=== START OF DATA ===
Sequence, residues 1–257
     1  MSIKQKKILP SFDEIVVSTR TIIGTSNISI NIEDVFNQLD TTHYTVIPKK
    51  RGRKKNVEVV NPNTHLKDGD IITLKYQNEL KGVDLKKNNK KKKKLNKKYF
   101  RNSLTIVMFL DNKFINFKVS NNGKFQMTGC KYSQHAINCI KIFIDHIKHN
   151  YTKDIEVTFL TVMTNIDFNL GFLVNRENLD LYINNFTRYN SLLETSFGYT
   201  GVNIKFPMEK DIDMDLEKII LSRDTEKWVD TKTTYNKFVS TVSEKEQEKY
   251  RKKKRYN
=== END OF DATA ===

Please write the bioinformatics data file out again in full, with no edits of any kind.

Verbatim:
Sequence, residues 1–257
     1  MSIKQKKILP SFDEIVVSTR TIIGTSNISI NIEDVFNQLD TTHYTVIPKK
    51  RGRKKNVEVV NPNTHLKDGD IITLKYQNEL KGVDLKKNNK KKKKLNKKYF
   101  RNSLTIVMFL DNKFINFKVS NNGKFQMTGC KYSQHAINCI KIFIDHIKHN
   151  YTKDIEVTFL TVMTNIDFNL GFLVNRENLD LYINNFTRYN SLLETSFGYT
   201  GVNIKFPMEK DIDMDLEKII LSRDTEKWVD TKTTYNKFVS TVSEKEQEKY
   251  RKKKRYN